Tuesday, 29 June 2010

The Regional Policy Collaboration Pilot - Cardiff FAN Club meeting and coming to close

The FAN Club meeting in Cardiff provided the opportunity to share the team’s experiences in collaborative futures work, an overview of the futures content we had developed and for FAN Club members to work with the FutuerScape application in a workshop environment.

The agenda for the project review was:
  • Context
  • Challenges and benefits
  • Our collaborative journey
  • Creating the FutureScape model
  • Scottish perspective on the story so far
The intentions are to provide a copy of the final report via the Strategy Exchange so it’s not my intention to repeat all the content detail here, but are a selection of the key slides from the Cardiff meeting:






The next steps identified (and their current status) are:
  • To conduct a pilot project “wash up” telecon to inform final feedback – complete.
  • For the partners decide if / how to take the work forward after the FAN Club meeting – complete.
  • To agree how to broaden FAN Club access to the work – under way.
  • To create a report to describe the process and futures content, and make available via the Strategy Exchange and Horizon Scanning Centre – under way.
One follow up action completed has seen the original 60 event roadmap become available via a public SharpCloud directory. You can see the roadmap at this address:

https://directory.sharpcloud.com/#roadmap/b955e546-79bf-4b04-934c-7f3d90792cdc

To view the model, you will need MS Silverlight installed on your computer; otherwise no additional access rights are required to initially review the roadmap.

The Regional Policy Collaboration Pilot - Assessing similarities and differences

The assumption going into this work was that there was significant common ground on the issue of ageing between Northern Ireland, Scotland and Wales as well as shared desire to explore a new approach to futures working and to do so in collaboration with other parties.

But the analysis conducted on the outputs – the prioritised 24 events - from the second workshop challenged that notion. Or at least said that the differences in the feedback need to be explored so that there was clarity about where the partnering opportunities and differences might be.

In this analysis, we saw limited agreement on the potential impact of the events but a reasonable degree of agreement on the likelihood.
This table looks at the degree of clear agreement, where agreement / dis-agreement is unclear, and clear disagreement in the ratings allocated for the impact of each of the 24 events on the societal and economic opportunities of an ageing population and likelihood of the events taking place.

The degree of agreement or otherwise could be the result of different interpretations of the underlying data - the definition of an event and its implication, for example - so further exploration would be required to assess the potential for ongoing collaboration in these areas.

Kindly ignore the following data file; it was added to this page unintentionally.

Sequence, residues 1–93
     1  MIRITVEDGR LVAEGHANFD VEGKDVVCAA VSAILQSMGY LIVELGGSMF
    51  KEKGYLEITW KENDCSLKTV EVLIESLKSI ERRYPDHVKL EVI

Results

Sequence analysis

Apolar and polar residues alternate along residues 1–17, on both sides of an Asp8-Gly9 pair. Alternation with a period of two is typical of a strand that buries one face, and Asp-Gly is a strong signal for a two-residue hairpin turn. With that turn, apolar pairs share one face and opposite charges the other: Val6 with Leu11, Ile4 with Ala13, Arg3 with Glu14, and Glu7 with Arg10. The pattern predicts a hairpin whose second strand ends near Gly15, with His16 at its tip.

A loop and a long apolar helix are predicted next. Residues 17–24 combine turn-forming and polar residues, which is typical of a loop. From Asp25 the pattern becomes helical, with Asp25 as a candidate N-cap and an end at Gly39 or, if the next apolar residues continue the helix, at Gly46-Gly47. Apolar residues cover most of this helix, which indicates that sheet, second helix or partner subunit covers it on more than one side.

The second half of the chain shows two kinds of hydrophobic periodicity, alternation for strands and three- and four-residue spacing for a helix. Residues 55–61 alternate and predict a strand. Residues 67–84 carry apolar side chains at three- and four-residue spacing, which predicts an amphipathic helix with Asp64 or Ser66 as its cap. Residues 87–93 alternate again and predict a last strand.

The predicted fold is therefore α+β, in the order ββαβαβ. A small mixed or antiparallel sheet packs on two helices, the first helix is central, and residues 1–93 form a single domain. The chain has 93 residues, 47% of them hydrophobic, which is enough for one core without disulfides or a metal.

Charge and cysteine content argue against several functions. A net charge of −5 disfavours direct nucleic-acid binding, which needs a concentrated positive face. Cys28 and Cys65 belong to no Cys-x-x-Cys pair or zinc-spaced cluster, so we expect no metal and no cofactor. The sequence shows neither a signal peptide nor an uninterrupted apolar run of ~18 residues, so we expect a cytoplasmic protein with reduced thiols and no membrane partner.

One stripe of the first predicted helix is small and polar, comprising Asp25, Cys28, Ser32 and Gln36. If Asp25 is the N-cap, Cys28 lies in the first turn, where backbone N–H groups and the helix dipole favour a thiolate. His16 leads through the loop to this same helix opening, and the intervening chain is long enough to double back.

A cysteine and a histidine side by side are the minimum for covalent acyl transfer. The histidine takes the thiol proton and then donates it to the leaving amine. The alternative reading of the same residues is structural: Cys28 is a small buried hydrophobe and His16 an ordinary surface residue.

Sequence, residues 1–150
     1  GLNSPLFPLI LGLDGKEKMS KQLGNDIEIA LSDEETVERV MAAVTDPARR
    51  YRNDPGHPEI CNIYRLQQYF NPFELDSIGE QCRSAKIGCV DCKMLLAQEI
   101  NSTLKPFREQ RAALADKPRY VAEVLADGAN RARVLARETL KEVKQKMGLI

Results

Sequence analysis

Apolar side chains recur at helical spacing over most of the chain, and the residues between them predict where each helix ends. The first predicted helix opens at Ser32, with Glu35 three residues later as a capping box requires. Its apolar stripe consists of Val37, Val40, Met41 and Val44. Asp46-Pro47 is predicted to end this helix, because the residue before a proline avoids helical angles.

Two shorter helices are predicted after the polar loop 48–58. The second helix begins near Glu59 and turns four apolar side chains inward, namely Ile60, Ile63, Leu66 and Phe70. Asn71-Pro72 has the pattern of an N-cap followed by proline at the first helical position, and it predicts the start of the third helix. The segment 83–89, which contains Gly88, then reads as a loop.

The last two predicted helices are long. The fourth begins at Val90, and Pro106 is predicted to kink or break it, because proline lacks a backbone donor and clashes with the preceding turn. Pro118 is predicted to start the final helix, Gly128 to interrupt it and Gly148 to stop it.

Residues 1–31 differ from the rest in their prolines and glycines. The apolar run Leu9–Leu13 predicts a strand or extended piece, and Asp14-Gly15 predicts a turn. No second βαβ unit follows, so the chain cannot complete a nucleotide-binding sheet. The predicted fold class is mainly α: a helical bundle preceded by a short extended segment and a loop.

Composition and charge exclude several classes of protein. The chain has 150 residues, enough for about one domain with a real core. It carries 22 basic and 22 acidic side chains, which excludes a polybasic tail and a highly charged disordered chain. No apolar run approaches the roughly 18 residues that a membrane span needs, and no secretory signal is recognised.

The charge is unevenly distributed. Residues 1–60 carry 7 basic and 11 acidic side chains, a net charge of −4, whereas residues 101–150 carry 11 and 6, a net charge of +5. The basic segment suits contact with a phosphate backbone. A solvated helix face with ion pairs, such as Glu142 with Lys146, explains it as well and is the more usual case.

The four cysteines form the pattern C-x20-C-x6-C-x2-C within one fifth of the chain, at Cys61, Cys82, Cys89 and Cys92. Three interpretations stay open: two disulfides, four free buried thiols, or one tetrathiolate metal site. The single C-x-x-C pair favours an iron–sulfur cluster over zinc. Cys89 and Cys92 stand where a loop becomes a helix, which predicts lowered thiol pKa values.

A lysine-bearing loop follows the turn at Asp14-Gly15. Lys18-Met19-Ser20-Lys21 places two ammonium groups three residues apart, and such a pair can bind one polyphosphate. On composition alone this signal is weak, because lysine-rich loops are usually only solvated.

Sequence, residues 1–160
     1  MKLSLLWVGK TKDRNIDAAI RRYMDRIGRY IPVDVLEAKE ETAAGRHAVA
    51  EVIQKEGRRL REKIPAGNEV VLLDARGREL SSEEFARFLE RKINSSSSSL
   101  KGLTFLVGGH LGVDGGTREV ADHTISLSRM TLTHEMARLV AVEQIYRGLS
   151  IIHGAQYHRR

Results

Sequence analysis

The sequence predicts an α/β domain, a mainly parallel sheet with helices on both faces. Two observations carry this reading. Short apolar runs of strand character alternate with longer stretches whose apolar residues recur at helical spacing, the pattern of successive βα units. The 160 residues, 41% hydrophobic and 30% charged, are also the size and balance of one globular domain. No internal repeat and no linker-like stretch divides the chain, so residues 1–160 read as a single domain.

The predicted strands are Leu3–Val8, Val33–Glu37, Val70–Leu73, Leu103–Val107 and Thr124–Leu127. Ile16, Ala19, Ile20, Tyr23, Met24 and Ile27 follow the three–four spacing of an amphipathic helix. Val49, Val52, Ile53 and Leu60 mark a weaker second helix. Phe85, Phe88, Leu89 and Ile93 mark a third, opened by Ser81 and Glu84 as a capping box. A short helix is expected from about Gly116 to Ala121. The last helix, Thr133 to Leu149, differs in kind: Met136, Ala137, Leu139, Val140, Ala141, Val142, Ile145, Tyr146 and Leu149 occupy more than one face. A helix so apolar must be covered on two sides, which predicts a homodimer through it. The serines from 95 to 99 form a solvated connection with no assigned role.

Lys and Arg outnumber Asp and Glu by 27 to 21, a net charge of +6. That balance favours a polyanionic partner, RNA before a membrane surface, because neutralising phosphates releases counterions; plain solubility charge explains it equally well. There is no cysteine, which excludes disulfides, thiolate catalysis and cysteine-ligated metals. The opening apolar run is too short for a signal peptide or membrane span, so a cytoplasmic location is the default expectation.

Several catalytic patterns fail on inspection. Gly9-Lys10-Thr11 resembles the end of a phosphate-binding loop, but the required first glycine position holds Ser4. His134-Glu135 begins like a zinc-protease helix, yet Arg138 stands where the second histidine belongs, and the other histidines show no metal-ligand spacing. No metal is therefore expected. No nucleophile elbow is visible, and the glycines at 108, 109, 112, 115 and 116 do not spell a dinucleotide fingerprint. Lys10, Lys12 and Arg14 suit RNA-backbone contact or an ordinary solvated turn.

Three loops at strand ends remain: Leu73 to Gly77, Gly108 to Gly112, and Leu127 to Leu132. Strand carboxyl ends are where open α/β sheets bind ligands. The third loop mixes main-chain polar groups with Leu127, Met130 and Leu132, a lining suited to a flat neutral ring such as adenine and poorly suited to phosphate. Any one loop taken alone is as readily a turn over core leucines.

While there is scope for further potential discussion, just one event – Negative Dependency Ratio – saw agreement across the three administrations on impact and likelihood.

The Regional Policy Collaboration Pilot - Workshop 2 - LONDON (amid volcanic ash!)

It seems a little while ago now, but the second workshop took place at the Department of Business, Innovation and Skills Conference Centre. The objective for the workshop was to make sense of the model, consider the implications for policy development and agree potential next steps.

Our agenda to achieve this was:
  • Conducting a brief re-connecting session
  • Selecting and rating the critical future events
  • Focusing on the most likely / highest impact events
  • Seeking to understand how we could use FutureScape to consider the potential implications on policy development.
Attendance was somewhat limited by the fall out (literally!) from the volcanic ash cloud; nevertheless, the work gave rise to some important insights and provided the basis for some off-line work to determine the nature of any potential overlap between the three participating administrations.


Having identified these 24 high impact / most likely events, we focused on one event that was of interest to the workshop participants and that looked likely to have a number of important relationships: the Silver Workforce.

Here is what we developed in terms of potential policy implications, actions and resources that could be needed to implement the policy:

The next step was to consider the degree of agreement or otherwise between the three administrations about the relative significance (impact and likelihood) of the 24 events. This analysis could indicate the potential for greater collaboration in specific areas of ageing policy development.